Gruneisen challenges Whelchel in Boca Raton mayor’s race
By Donovan Ortega
BOCA RATON – The seat of Boca Raton mayor will be up for grabs March 8th. And two people want to serve in that office.
The incumbent mayor, Susan Whelchel, has a challenger – Linda Spurling Gruneisen. This will be Boca Raton’s first contested election since 2005 when Rev. Mark Boykin challenged incumbent Steven Abrams. Abrams won that election in a landslide.
Since that time, the seat for mayor has been held and acquiesced without contention. It appeared as though Whelchel would retain her seat this year without a fight. That is, until Gruneisen applied for candidacy just six hours before the deadline for potential candidates. Whelchel has cited Gruneisen’s last minute maneuvering as proof of her lack of political experience and shortsighted vision. However, Gruneisen said that she, and a growing number of Boca Raton’s residents have, for a long time, been “concerned with the state of things in Boca, especially the economy.”
Gruneisen was prompted into action after she noticed that Deerfield Beach was having an election. She then inquired at City Hall if Boca Raton was due for an election as well. When told an election was to be held but no one had entered, Grunieson asked why it hadn’t been publicized. The city official she spoke to mentioned concerns with the high cost involved with having an election.
“They seemed rather content with not having one,” said Gruneisen, who walked away from that conversation disturbed by what she felt was a lack of democracy in Boca Raton.
So, with the cries for free elections swirling in Egypt, Gruneisen wished to voice her unhappiness as well. She entered the realm of politics in Boca Raton.
“I feel that there are many unheard voices in Boca that are not happy with those who have been in political positions for a long time and haven’t delivered the results they’ve promised,” said Gruneisen. “I’m on the ballot as an answer to those people.”
Many residents have expressed concern with the cost of running an election that some feel is meaningless given Whelchel’s large contingency. It has been estimated that the election will cost the city $100,000 for ballots, poll workers, and polling places.
“The fact is that Boca Raton’s budget is $450 million dollars, and a $100,000 isn’t going to be a burden to the taxpayers if it means checks and balances and democracy,” said Grunieson.
At a recent fundraiser at Uncle Julio’s in Mizner Park, Whelchel offered stinging criticism of her opponent when she chided Gruneisen’s short-term residency and her apparent disconnect with the needs of Boca’s residents. Gruneisen claims those assertions are patently false.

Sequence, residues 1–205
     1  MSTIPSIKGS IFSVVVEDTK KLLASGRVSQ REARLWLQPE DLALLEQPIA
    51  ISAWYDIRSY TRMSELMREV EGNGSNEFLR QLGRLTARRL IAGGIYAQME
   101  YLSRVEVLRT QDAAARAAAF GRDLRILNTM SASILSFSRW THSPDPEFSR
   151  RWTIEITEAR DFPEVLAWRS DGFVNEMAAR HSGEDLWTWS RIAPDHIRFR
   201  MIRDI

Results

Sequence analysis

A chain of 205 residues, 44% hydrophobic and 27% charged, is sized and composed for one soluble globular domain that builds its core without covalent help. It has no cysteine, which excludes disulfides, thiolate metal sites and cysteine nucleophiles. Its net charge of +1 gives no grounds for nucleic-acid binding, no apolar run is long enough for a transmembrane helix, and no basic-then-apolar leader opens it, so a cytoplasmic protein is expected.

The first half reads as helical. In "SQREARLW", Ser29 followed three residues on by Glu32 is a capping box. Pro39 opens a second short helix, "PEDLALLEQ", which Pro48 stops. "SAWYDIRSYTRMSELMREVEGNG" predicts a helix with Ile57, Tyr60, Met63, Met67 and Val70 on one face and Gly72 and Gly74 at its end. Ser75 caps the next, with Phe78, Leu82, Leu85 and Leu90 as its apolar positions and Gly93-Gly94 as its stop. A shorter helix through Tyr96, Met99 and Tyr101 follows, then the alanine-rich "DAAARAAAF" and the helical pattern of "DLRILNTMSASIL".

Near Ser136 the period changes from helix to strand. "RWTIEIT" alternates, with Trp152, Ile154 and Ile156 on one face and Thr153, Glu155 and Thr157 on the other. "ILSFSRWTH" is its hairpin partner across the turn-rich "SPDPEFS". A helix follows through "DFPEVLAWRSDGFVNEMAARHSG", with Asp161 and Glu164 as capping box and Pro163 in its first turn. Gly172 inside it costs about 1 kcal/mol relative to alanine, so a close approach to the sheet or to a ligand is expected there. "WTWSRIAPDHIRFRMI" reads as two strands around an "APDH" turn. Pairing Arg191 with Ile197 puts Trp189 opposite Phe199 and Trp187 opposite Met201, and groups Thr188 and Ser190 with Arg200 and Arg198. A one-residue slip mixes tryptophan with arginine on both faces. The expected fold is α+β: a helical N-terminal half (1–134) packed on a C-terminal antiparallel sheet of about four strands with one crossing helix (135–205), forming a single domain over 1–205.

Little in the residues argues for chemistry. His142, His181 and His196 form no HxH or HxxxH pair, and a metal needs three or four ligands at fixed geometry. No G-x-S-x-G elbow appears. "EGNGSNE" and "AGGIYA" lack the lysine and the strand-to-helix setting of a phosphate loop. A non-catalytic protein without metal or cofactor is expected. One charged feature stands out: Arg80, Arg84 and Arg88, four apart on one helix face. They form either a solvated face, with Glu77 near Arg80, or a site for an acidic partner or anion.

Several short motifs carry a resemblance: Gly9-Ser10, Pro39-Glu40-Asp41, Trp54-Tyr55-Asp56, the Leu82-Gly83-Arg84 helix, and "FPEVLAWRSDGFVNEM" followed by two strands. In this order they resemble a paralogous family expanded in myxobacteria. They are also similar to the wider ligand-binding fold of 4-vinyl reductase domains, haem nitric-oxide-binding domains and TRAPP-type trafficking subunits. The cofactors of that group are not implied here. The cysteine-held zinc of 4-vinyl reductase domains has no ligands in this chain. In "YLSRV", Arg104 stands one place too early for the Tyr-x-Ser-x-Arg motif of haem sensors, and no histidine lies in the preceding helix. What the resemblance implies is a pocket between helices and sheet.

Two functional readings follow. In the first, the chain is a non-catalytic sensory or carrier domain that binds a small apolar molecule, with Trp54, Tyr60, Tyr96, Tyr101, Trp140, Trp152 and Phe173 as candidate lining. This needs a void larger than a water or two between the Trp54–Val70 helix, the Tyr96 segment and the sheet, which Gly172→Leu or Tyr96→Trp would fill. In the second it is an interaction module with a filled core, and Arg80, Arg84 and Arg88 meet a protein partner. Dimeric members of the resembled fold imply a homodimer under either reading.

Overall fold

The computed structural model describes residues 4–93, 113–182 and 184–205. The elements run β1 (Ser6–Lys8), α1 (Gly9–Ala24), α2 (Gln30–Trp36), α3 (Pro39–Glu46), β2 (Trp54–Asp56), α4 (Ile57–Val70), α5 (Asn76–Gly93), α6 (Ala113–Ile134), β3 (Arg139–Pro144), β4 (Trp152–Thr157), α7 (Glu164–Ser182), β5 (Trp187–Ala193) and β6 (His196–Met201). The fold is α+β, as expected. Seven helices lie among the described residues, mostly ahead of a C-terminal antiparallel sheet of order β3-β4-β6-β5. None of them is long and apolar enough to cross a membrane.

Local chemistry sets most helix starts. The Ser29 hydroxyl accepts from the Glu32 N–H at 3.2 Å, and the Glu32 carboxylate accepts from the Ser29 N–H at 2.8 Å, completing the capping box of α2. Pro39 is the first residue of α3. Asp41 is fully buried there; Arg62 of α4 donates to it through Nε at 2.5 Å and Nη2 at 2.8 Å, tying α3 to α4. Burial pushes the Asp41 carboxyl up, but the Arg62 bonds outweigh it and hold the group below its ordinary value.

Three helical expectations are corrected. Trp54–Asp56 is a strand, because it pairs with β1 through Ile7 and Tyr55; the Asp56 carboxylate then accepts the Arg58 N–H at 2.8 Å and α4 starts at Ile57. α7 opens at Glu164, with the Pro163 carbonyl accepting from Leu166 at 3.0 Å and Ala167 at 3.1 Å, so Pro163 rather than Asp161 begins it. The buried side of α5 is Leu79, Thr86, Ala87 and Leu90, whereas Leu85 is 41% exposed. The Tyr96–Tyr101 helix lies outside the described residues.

“I’ve lived within an eight mile radius of Boca Raton my entire life. I’m a runner and I jog the streets and I know these people,” said Gruneisen.
She grew up in Pompano Beach, attending high school and college in Broward. Gruneisen has traveled abroad as well, working for the Peace Corps in Bolivia to enhance small business. More important than the history of her residency, though, is that she claims to be a breath of fresh air in a city that desperately needs it.
“I’m disappointed with the way Mayor Whelchel has planned to balance the budget. It doesn’t recognize Boca Raton’s potential,” said Gruneisen.
She explained that the planned traffic cameras and parking meters will give Boca Raton residents the feeling of being used as revenue builders and certainly won’t attract people to an already floundering downtown scene.
“I understand that there is an effort to re-brand our downtown, but what kind of message are we sending when we’re putting up traffic cameras and parking meters?” asked Gruneisen.
Gruneisen also cited the lack of development on the beach as a problem.
“We have five miles of highly valuable ocean front real estate, yet our government’s answer is to close Spanish River Park three days a week. There isn’t any wonder that no one wants to go to the beach, you have to bring rations for an army,” said Gruneisen. “If you want to have a meal on the beach, you have to go to Deerfield or Delray.”
Grunieson didn’t stop there. She decried the “Promenade” project on Palmetto Park Road as being insufficient redevelopment.
“New pavers aren’t going to attract people downtown,” said Gruneisen. “Not to mention how badly it has damaged the shop owners during Boca’s busy season. They all had to pay assessment fees for new sidewalks they never wanted. It’s a waste of money.”
When asked if she felt she had a chance to win, Gruneisen answered definitively.
“Yes, absolutely. The word is getting around. There are a lot of people who feel they are not being represented and are not happy with the way things are. I think they’ll turn out to vote.”